Republicans move again to pass their own state budget

Republicans who control the Minnesota Legislature will pass a new round of budget bills that lack the support of DFL Gov. Mark Dayton, putting them on course for a probable special session.

The move announced Friday afternoon follows an unfruitful week of budget negotiations that broke down over the size of tax cuts versus new state spending. Minnesota has a roughly $1.5 billion surplus.

House Speaker Kurt Daudt said recent discussions were resulting in progress, but not enough.

“We have come to the point where the time clock means we have to start our conference committees and start moving our bills,” Daudt said.

Dayton vetoed an earlier round of budget bills and issued a long list of objections to them. The Republicans said they would try to accommodate some of those concerns.

“This does not mean we are walking away from the table with the governor,” Daudt said. He said the $660 million tax cut target was exactly between where they were and where Dayton had been.

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Senate Majority Leader Paul Gazelka said the sides had gotten “close” on several budget measures. “We’ve come halfway on our part and we’re asking the governor finish up with us, on time,” he said.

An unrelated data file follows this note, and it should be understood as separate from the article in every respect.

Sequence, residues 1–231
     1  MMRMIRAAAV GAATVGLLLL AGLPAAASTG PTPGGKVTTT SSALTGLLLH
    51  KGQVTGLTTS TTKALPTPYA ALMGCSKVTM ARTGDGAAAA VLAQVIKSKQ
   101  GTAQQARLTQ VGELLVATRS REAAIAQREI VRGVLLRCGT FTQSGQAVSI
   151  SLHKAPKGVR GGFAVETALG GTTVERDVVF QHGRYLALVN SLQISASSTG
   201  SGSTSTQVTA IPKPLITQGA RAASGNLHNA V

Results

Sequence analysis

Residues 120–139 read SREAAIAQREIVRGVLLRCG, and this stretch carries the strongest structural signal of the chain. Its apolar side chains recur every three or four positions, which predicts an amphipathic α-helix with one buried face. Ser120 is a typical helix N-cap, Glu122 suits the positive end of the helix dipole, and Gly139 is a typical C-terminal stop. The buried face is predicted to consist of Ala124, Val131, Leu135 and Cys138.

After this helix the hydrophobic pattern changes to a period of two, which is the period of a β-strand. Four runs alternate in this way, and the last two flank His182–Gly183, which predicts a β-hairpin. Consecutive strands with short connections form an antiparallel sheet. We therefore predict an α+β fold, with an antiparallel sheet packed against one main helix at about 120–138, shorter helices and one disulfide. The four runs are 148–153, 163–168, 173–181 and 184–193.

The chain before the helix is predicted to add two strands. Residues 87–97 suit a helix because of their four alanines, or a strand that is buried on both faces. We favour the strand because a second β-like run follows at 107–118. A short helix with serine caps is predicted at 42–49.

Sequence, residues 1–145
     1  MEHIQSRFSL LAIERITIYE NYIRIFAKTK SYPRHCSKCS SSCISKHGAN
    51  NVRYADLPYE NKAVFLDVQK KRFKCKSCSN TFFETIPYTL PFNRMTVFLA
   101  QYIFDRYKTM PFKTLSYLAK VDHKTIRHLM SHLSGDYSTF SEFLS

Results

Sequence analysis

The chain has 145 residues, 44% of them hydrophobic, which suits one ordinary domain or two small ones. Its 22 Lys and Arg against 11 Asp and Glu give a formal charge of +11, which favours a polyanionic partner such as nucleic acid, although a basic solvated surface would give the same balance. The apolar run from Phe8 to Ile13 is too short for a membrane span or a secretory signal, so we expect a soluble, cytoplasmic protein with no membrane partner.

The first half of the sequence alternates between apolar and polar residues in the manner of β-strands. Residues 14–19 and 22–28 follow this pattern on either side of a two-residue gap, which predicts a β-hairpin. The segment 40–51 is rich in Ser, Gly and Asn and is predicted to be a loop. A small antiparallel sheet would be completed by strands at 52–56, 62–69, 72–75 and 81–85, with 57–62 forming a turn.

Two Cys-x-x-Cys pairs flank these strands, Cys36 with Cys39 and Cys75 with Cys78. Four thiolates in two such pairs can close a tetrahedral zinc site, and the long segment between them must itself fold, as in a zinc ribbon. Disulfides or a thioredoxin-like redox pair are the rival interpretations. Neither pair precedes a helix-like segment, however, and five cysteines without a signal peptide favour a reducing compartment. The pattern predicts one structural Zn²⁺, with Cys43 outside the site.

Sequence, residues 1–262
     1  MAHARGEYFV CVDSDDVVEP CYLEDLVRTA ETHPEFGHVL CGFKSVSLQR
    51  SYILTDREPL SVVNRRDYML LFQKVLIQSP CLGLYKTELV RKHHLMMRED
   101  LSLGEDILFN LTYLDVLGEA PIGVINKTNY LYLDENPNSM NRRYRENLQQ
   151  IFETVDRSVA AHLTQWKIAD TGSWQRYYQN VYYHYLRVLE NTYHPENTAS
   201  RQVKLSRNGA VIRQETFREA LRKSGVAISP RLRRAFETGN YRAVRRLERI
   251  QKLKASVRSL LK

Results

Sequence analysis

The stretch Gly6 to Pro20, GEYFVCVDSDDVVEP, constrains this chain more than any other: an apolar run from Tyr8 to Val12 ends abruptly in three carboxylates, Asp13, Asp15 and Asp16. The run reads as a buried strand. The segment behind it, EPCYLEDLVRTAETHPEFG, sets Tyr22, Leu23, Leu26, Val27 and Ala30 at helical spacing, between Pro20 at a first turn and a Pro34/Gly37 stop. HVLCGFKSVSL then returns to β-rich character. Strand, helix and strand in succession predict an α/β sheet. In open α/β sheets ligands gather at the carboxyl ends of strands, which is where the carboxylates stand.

They hope to resume negotiations Friday night and continue to talk to Dayton even as they go this route.

"We all want to get done on time and we think we can do it," Gazelka said.

As the situation approached a stalemate this week, DFL lawmakers criticized Republicans for posturing by trying to jam a budget through without a negotiated deal.

“It’s not just our duty here to pass a budget, claim that it’s balanced and call it a day,” said Sen. Ron Latz, DFL-St. Louis Park. “Our job in the Legislature is to act together with the governor to pass a budget that becomes law.”

If Dayton strikes down the newest set of bills, it would force lawmakers into a special session to pass a third plan. That task would have to be completed by June 30 to avoid pushing the state into another partial government shutdown in July.

The last time Minnesota entered the new fiscal year without a full budget was in 2011, which was also the last time Republicans controlled the Legislature and Dayton was in the governor’s office.